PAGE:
How To Start A Christian School With Limited Funds

Updated: Aug 31, 2018

In 2002, God placed on my heart a call for the church I was pastoring to start a Christian school. At that time, I was unable to locate someone to lead us through the process in any significant way. However, it was God’s plan, and we successfully started a school with 37 students. By the beginning of the seventh year, our school had grown to 388 students.


Starting a Christian school is a very challenging endeavor, but it can be done, and at Renewanation, we are fully committed to making it as simple as possible.


Over the last few years, we have been involved in helping launch nine Christian schools. We have been searching throughout this process for the best practices to ensure long-term success. It has been a trial and error process as we have been trying to discover and build a system that can be reproduced across the country and the world by organizations both large and small.


We have many people call us each year about starting new schools. They always tell us they need teachers and the money to pay them. They also mention in passing it would be great to have enough students to pay all the bills, but they don’t think this is possible in the first few years.


In the 1960’s and 70’s, thousands of Christian schools were launched. Many of them used a system that allowed small organizations with small numbers of students to open schools. Though some of these schools faced significant challenges, they were the genesis of the Christian school movement in the United States and helped produce several million Christian adults who are impacting the church and our world today. Though the school I started wasn’t launched until 2002, I used some of the same principles and practices that were used in the 60’s and 70’s.


Key Components Necessary to Successfully Start a Christian School

  1. A passionate, called, effective leader who possesses a biblical worldview

  2. Committed, sacrificial teachers who are able and willing to donate a majority of their salaries (if necessary) in the first three years of the school’s existence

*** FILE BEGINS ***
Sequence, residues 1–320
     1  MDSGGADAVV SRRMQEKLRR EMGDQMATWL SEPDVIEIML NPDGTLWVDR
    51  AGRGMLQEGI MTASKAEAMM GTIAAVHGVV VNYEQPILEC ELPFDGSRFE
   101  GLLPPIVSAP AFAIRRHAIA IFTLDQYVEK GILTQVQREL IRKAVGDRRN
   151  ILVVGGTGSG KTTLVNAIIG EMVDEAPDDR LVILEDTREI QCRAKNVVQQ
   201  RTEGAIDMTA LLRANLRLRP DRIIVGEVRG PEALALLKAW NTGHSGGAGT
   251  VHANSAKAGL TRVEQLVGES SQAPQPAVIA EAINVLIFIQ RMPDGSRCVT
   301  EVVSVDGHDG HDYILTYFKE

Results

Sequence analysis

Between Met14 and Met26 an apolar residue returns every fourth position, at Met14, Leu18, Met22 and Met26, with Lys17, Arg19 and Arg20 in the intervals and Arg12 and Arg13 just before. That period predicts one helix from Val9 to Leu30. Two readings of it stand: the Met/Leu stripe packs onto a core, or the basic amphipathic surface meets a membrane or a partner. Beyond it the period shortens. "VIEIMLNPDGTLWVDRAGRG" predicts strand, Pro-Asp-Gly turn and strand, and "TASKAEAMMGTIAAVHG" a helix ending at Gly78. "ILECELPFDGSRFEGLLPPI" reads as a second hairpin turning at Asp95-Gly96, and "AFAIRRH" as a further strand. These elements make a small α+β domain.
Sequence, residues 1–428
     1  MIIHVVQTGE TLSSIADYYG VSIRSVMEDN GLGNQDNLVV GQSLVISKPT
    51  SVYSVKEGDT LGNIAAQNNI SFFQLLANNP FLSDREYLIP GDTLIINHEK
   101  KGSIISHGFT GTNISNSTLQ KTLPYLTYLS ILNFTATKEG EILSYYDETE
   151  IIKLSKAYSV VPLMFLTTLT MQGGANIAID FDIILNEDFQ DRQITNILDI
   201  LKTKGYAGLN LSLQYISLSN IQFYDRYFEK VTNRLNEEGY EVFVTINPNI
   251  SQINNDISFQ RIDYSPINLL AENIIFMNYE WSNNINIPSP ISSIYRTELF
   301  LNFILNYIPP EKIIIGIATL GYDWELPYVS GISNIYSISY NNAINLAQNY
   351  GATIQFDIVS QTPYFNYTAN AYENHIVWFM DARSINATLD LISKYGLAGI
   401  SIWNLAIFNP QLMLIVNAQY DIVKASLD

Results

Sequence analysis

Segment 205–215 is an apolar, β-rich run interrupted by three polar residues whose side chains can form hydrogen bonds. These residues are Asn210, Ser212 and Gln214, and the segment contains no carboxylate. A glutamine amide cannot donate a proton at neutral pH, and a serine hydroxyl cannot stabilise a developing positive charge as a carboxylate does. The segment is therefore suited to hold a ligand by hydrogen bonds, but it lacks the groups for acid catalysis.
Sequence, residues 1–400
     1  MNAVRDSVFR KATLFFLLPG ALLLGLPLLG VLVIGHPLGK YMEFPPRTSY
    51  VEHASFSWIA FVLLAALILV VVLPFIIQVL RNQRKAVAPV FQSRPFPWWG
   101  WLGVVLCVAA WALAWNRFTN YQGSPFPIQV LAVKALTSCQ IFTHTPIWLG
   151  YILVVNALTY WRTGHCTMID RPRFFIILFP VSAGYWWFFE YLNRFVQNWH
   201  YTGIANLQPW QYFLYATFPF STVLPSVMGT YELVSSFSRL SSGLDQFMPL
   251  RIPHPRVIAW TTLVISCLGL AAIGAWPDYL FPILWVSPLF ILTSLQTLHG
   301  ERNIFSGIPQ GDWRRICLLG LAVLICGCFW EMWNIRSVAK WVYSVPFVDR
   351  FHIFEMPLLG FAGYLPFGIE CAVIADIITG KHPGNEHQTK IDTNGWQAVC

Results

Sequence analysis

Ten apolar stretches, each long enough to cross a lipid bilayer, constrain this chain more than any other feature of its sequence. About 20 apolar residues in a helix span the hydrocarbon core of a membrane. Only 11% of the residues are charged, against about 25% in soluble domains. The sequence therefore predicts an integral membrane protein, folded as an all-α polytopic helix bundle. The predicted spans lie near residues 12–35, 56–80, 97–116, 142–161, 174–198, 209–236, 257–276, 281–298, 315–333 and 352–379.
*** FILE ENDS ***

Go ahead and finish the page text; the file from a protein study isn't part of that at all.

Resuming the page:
3. A church or organization willing to allow the use of their facilities at a minimal cost

  4. A willingness to start small

  5. Startup cost given by a church or group of donors

Let’s break down each of these components in more detail.


1. A Passionate, Effective Leader

In the 1960’s and 70’s, most Christian schools were started by a visionary pastor. These pastors were motivated by the removal of prayer and Bible reading from public schools and were spurred into action. In most cases, the church the pastor was leading became the startup-funding source as well as the facility host for the school. Most of these schools were started on a wing and a prayer. There were many weaknesses in most of these schools, but at the end of the day, their students were not secularized, and many of them are the church leaders of today. I am one of those leaders.


Today, we hear less from pastors but more from strong parent leaders and Christian public school teachers who sense the call to start Christian schools. They realize that 16,000 hours of K-12 secular education is not helping their children develop a biblical worldview and in reality, is helping them develop a secular humanistic worldview. I am confident that one of the greatest motivations for my father to start a Christian school in 1976 was the fact that he had eight children (nine by 1978) he was determined to raise for Christ. Eight of those nine children have been in full-time Christian ministry for most of their adult lives.